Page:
Home » Ukraine Russia, news on today’s war | Kiev: «Tonight risk of nuclear accident in Zaporizhzhia». Olena Zelenska: «I don’t want my husband to run again»

Ukraine Russia, news on today’s war | Kiev: «Tonight risk of nuclear accident in Zaporizhzhia». Olena Zelenska: «I don’t want my husband to run again»

by admin
Ukraine Russia, news on today’s war |  Kiev: «Tonight risk of nuclear accident in Zaporizhzhia».  Olena Zelenska: «I don’t want my husband to run again»

• Despite the cold, fighting continues on various fronts, Kiev claims the destruction of 5 Russian military sites, including ammunition depots and other infrastructure
• Putin prepares for a new phase of the war and orders a 15% increase in the number of soldiers.
• Mixed news from Donetsk, where battles are increasingly fierce. Moscow claims advances on the ground, while according to Kiev, Ukrainian forces maintain their positions.

4.03pm – Kiev, a civilian killed in Russian attack in Donetsk

Russian artillery destroyed two homes and killed a civilian in the Ukrainian town of Khasiv Yar, in Donetsk, just five kilometers from the martyr city of Bakhmut, where fighting has continued for months. This was announced by the Ukrainian Interior Ministry. In the same region, fierce fighting continues around Avdiivka, where Russian forces have been trying to break through for months.

3.19pm – Olena Zelenska: «I don’t want my husband to run again»

Ukrainian First Lady Olena Zelenska does not want her husband, Ukrainian President Volodymyr Zelensky, to run again. According to what `Ukrainska Pravda’ reports, she is the president’s own wife in an Economist podcast. “I don’t want him to be president for the next term or for the next two terms,” underlines Zelensky’s wife who thinks that her husband must find something new in her life.

Economist journalists asked Zelenska how she sees the post-war future for herself and her family. «Our family will be together again. We will live together, with my husband and my children. Always. Let’s take a vacation and go somewhere, I don’t even know where, but let’s be together, all four of us. And this vacation will be long, a whole month. Then we will think about what to do next, he and I”, explains the wife of the Ukrainian president.

12.43pm – Kiev: «Tonight risk of nuclear accident in Zaporizhzhia»

See also  Helena Prestas smashes the Isola dei Famosi, then is eliminated: Gian Maria is safe

According to the president of the Ukrainian atomic agency Energoatom, Petro Kotin, the Zaporizhzhia nuclear power plant was “on the verge of a nuclear and radioactive accident” tonight due to a complete blackout at the plant, which was resolved this morning. “The (Russian) occupiers are not interested in the safety of the plant” and “will continue to create dangerous situations, blackmailing the whole world with nuclear and radioactive accidents,” Kotin said.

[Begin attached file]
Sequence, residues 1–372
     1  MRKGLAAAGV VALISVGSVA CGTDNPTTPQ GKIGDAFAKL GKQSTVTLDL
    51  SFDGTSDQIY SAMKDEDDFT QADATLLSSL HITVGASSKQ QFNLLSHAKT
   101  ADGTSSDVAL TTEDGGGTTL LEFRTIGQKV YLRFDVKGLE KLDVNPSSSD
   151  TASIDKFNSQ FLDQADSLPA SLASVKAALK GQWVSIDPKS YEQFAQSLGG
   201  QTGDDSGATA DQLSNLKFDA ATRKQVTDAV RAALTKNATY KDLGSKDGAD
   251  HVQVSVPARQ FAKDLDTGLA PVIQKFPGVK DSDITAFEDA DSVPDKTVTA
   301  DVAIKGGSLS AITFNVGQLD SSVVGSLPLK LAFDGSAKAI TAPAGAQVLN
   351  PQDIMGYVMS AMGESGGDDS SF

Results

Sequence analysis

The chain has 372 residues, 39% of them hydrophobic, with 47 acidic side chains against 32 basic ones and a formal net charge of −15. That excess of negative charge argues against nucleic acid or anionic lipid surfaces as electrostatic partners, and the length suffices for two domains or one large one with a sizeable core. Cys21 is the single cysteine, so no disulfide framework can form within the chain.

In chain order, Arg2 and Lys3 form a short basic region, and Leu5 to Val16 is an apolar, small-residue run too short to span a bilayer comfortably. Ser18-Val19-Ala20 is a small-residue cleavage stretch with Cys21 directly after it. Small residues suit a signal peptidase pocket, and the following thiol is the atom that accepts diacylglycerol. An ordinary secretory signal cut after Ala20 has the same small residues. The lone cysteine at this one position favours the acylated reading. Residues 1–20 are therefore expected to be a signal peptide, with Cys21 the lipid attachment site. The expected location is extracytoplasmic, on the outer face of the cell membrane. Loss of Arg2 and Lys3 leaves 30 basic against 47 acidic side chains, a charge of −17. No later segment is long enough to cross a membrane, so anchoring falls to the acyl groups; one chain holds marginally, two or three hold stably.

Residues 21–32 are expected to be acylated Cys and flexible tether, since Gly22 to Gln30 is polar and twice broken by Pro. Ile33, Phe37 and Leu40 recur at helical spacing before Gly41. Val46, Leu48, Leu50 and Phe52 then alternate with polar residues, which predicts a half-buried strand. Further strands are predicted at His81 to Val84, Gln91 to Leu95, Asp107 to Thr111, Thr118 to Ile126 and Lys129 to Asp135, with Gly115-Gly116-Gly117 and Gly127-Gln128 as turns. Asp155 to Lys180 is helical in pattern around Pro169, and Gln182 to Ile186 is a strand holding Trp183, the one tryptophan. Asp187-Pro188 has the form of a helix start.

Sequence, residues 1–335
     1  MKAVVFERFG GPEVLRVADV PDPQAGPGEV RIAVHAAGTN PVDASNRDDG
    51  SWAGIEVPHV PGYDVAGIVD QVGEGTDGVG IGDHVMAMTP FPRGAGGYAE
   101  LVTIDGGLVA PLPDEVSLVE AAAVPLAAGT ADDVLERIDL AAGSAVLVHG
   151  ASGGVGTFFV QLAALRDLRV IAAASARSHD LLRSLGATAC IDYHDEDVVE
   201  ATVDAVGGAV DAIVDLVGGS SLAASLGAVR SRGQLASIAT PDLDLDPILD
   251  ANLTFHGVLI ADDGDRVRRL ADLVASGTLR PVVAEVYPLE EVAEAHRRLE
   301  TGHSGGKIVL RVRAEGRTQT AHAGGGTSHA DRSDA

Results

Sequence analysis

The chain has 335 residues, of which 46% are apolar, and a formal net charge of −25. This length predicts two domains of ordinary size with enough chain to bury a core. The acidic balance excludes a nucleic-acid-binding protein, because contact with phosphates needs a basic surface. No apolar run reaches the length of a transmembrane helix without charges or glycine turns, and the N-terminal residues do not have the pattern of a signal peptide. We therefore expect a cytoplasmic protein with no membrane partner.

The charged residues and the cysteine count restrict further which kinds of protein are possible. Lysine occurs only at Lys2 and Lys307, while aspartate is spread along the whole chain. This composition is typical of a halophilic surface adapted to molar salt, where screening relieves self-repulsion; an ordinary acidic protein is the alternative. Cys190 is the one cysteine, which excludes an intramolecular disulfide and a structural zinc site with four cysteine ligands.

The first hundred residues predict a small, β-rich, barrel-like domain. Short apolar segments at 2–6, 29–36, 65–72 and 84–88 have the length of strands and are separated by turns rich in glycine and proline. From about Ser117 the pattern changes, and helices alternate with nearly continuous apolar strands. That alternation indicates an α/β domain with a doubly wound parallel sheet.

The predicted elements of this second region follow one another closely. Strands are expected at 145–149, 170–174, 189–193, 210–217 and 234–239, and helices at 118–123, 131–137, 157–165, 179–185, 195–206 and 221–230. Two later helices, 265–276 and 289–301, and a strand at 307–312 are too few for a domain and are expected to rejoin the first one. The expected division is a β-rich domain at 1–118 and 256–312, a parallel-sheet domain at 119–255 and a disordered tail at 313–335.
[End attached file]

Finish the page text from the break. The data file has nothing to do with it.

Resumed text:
11.25am – British Ministry of Defence: «Moscow tries to quell the discontent of the soldiers’ wives»

Russian authorities are trying to quell dissent from the wives of soldiers deployed in Ukraine. The British Ministry of Defense underlines this in its daily intelligence briefing. Research by independent Russian media and comments by protesting wives themselves suggest that, in recent weeks, authorities have likely offered increased cash payments to families in exchange for abstaining from protests. On 27 November 2023 – the Guardian recalls – an important online group of soldiers’ wives published a manifesto against “indefinite mobilisation”.

10.50am – Kiev could reopen its international airport soon

Ukraine could reopen Kiev airport soon. This was promised by Volodymyr Zelensky’s chief of staff, Andriy Yermak, in a meeting with the international airport of Boryspil, outside the capital. “Ukraine has become progressively stronger over the last year and will soon be able to reopen Kiev International Airport,” Yermak said, underlining – the Guardian reports – that “we are now able to guarantee the safety of this site . Thanks to our defense forces and our friends, your countries: I am sure that the symbolic boarding passes that were given to you today upon your arrival will soon become real cards.” The airport was the first major site in Ukraine to be closed after Russian troops invaded in February 2022.